The Great Migration From 8-bit To 32-bit 

Embedded control is a fascinating field in constant evolution that guarantees to the inquisitive minds a constant flow of new and exciting things to learn.

Perhaps the most exciting thing happening these days is the arrival of so many new and low cost 32-bit options designed specifically for the Embedded Control market.

Mind the average embedded control designer might be working on leading edge projects on a daily basis, but he is not taking risks for the fun of it. Robustness, reliability and maintainability are quality that rank higher in his mind than attractiveness of the product or even performance (when not strictly required).

8-bit microcontrollers have been holding positions in Embedded Control (perhaps their last bastion) for more than 20 years while the rest of the world was migrating rapidly to 16-bit first, then 32-bit and today mostly 64-bit architectures.

But things are changing as the cost and complexity of 32-bit solutions have decreased dramatically with new families of devices designed mostly around the ARM (Cortex M series) and MIPS (4K and the upcoming 14K series) cores appearing in all leading manufacturers portfolios.

The 32-bit controllers of today are different from those of just a few  years ago. They are designed to be more energy efficient, simpler to program, and at the same time more capable than their 32-bit and even 8-bit predecessors!

This web site (and the companion book: Exploring the PIC32) are written in particular to demonstrate that one such modern 32-bit microcontroller architecture, the PIC32  from Microchip Technology Inc., is in fact a better alternative today to most 8-bit and 16-bit embedded control solutions.

There is a very large community of embedded control engineers out there, who have accumulated many years (decades?) of experience through hard work, designing with 8-bit microcontrollers and programming in assembly and C.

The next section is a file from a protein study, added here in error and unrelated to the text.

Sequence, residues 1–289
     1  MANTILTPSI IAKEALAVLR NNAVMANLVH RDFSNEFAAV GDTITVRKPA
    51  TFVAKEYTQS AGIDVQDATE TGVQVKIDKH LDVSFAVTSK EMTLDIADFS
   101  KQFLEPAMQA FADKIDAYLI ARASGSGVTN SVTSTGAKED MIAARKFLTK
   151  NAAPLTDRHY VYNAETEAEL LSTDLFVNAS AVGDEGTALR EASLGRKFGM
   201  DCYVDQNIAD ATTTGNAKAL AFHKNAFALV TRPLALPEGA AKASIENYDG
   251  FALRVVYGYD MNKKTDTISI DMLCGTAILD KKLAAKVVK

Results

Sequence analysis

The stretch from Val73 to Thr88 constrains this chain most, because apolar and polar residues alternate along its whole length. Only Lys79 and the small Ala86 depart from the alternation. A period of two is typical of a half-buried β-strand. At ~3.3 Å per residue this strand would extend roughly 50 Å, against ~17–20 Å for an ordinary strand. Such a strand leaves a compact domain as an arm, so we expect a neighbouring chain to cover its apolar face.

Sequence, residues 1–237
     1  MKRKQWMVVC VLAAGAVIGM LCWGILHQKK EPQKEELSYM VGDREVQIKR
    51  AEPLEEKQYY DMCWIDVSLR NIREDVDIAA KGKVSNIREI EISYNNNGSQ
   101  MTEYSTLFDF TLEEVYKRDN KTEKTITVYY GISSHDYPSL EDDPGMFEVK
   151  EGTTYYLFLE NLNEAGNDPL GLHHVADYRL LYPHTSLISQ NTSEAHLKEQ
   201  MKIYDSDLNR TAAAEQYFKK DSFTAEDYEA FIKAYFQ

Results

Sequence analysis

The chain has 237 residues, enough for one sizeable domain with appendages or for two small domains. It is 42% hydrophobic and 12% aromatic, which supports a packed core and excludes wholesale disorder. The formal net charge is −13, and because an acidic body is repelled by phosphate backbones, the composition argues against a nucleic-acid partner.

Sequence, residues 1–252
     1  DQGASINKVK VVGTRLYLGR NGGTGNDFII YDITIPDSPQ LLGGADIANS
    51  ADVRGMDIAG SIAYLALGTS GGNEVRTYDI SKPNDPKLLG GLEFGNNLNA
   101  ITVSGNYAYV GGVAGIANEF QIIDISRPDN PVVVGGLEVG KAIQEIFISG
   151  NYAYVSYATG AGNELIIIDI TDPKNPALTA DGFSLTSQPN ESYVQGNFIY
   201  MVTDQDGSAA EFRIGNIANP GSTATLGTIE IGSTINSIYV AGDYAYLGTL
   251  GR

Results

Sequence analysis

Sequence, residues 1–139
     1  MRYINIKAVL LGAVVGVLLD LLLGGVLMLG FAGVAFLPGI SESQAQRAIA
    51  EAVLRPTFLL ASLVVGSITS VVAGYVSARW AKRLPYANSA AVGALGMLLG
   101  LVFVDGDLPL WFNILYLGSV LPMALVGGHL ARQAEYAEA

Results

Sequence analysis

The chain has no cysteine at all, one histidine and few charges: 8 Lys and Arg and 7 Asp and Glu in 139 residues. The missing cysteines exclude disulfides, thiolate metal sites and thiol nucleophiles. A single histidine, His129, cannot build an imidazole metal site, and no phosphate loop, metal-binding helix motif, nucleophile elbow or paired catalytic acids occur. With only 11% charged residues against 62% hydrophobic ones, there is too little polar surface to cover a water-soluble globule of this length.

It is my objective to help you understand the new possibilities offered by modern 32-bit architectures and migrating your designs as quickly and effectively as possible.

When to migrate?

This is the first question you should ask yourself. The simple answer is (as usual) only when there is a real need. If it ain't broken don't fix it! (Embedded Control rule #!)

So the real question then becomes:

Why migrating to 32-bit?

Here is a list of possible reasons:
  • You have previously used a lot of 8-bit and/or 16-bit microcontrollers (especially if you are familiar with at least one of the PIC16, PIC18, PIC24... families)
  • You need more RAM (I would add every time you need more than 200 bytes of RAM!) and you want to be able to handle it with ease.
  • You need to handle more data in general. The PIC32 handles very large tables of data very efficiently inside its 512Kbytes FLASH (at the time of this writing, larger models might be available soon) and/ or his 128Kbytes of RAM!
  • You need speed: one instruction per clock cycle at 80MHz
  • You want fast access to a graphic color LCD display (QVGA TFT or larger)
  • You need an efficient  USB Full Speed (Host) interface to read and write data to and from a USB stick for example
  • You intend to use the MAL (Microchip Applications Library), especially if you need to use more than one of the libraries at a time.
Finally my favorite one:
  • It is Easier to program (and debug) than any of the previous 8-bit and 16-bit general purpose microcontrollers you might be familiar with.
Feel free to explore the rest of this web site to find practical examples of how to write an embedded control program for the PIC32, migrate your designs quickly and get the most out of the new architecture.